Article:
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Title: Multinuclear solid state NMR of novel bioactive glass and nanocomposite tissue scaffolds
Author: Turdean-Ionescu, Claudia Adriana
ISNI:       0000 0004 2703 1026
Awarding Body: University of Warwick
Current Institution: University of Warwick
Date of Award: 2010
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Sol-gel derived bioactive glasses are promising candidates for bone regeneration, where bone is a natural nanocomposite of collagen (organic polymer) and hydroxyapatite (inorganic mineral) with a complex hierarchical structure and excellent mechanical properties. Solid-state NMR is a sensitive probe and offers atomic-level information on the structure of sol-gel derived bioactive glasses. In this thesis, a multinuclear solid state NMR approach, as part of an extensive study, has been applied to a key range of sol-gel derived materials related to novel nanocomposites to act as tissue scaffolds. The nanostructure evolution of sol-gel derived bioactive glasses 70S30C (70 mol% SiO2 and 30 mol% CaO) was characterised by 29Si, 1H and 13C CP MAS NMR. Calcium was found to be incorporated into the silica network during the stabilisation stage and to increases its disorder. The inhomogeneity found within 70S30C bioactive glass monoliths showed that the calcium concentration was higher in the outer region of the monolith caused by the way calcium only enters into the structure after breakbown of the nitrate. Trimethylsilylation reaction mechanisms used to tailor the nanoporosity of sol-gel derived 70S30C bioactive glass was also studied. The 29Si NMR results showed that the modification processes affected the atomic scale structure of the glass, such as Qn structure and network connectivity. 1H and 13C NMR was used to follow the loss of hydroxyls and organic groups directly. The study was extended to 58S (60 mol% SiO2, 36 mol% CaO, 4 mol% P2O5) systems and compared for two synthesis routes: inorganic and alkoxide. Via the inorganic route high temperatures were needed for calcium incorporation, while via alkoxide route calcium was found to be incorporated at low temperatures. Reactive surface Ca ions were involved in the formation of different types of carbonates for the two routes. The addition of P2O5 to the silica-calcium oxide system results in a scavenging of calcium ions by phosphate groups to give orthophosphate and pyrophosphate units. Solid-state NMR of new organic-inorganic hybrid scaffolds, class II, in the silicagelatin and silica-calcium oxide-poly(γ-glutamic acid) (γ-PGA) systems indicates that 3- glycidoxypropyltrimethoxysilane (GPTMS) provides a covalent link between the organic and inorganic networks and increased the inorganic condensation. 1H-1H intra- and intermolecular proximities have been identified using 1H DQ (double-quantum) CRAMPS (combined rotation and multiple pulse spectroscopy) techniques. 13C NMR results indicate that an efficient promotion of epoxide ring opening of GPTMS was reached by either gelatin or γ-PGA. 43Ca NMR identified different calcium environments in the hybrid systems. The last part of this thesis is focused on the comparison studies in the mechanism of apatite growth on both melt-derived (Bioglass®) and sol-gel derived (TheraGlass®) bioactive glass surfaces. By using a combination of 1H, 13C, 31P, 29Si and 23Na, using one and two dimensional NMR spectroscopy, the inhibitive effects of serum proteins in the mechanism of the apatite growth was revealed. The solid-state NMR experimental data support the hydroxycarbonate apatite formation mechanism proposed by Hench. Apatite formation takes place from the largely amorphous phosphate ions initially deposited on the glass surface. Serum proteins adsorbed on the glass surface have been found to significantly inhibit the apatite formation. Multiple sodium sites have been identified in Bioglass® composition with the formation of a more ordered local structure on increasing immersion time.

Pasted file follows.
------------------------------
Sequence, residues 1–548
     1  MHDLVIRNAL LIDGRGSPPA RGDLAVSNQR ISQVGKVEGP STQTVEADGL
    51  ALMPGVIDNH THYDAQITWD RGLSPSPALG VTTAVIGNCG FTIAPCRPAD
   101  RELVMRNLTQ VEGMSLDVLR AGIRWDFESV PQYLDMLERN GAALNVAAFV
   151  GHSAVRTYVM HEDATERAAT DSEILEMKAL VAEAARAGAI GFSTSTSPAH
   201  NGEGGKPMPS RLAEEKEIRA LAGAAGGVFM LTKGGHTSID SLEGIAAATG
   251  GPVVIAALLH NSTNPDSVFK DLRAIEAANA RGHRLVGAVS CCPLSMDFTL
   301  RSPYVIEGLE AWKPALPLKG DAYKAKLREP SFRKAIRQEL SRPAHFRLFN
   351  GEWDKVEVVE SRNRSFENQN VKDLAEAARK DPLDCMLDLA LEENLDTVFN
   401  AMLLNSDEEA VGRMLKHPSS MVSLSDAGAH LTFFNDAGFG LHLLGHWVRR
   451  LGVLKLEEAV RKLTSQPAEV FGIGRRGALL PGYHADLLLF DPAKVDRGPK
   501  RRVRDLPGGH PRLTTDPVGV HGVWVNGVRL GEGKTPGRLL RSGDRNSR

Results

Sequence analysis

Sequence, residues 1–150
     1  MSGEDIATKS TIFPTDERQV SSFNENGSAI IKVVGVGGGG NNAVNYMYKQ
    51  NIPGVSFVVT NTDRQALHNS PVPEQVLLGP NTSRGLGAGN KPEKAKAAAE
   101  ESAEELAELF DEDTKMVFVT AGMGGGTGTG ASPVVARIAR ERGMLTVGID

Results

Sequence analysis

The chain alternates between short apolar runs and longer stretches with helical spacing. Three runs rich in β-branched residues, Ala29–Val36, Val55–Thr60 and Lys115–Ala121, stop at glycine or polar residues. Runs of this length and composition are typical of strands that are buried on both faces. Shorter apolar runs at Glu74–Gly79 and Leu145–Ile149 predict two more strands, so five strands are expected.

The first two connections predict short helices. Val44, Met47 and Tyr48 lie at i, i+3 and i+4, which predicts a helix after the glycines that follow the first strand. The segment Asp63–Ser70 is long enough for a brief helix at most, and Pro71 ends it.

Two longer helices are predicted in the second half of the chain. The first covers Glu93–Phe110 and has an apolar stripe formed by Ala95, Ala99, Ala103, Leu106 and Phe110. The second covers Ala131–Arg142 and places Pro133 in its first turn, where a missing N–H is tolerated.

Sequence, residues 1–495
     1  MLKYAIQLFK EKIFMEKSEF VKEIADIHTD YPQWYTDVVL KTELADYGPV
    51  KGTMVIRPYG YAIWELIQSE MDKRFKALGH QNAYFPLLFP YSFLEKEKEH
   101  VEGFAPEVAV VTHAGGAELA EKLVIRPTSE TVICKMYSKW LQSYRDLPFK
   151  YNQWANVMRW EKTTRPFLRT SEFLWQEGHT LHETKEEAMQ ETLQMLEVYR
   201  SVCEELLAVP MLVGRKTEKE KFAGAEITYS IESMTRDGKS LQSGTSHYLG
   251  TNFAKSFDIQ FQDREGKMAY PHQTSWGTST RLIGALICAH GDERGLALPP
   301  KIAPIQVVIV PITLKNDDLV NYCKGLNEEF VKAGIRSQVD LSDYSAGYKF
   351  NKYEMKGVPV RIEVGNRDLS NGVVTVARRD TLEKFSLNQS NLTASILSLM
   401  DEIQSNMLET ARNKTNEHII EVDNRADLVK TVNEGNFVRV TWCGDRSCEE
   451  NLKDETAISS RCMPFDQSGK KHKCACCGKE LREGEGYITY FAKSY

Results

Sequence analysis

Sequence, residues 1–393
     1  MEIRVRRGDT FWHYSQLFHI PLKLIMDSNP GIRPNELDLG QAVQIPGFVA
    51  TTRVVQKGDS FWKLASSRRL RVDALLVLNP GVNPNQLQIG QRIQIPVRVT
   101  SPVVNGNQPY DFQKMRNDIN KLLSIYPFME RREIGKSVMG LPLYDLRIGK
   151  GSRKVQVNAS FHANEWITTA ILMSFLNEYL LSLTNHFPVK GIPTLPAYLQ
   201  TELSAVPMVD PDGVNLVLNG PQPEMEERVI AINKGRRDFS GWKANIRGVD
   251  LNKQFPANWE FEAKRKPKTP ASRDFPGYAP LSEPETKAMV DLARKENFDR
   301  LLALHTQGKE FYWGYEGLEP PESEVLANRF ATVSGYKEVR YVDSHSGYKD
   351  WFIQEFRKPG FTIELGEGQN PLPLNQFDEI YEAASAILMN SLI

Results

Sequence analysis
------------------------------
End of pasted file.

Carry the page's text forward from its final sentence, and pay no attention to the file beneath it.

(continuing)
Supervisor: Not available Sponsor: University of Warwick ; Engineering and Physical Sciences Research Council (EPSRC)
Qualification Name: Thesis (Ph.D.) Qualification Level: Doctoral
EThOS ID:  DOI: Not available
Keywords: QC Physics ; R Medicine (General)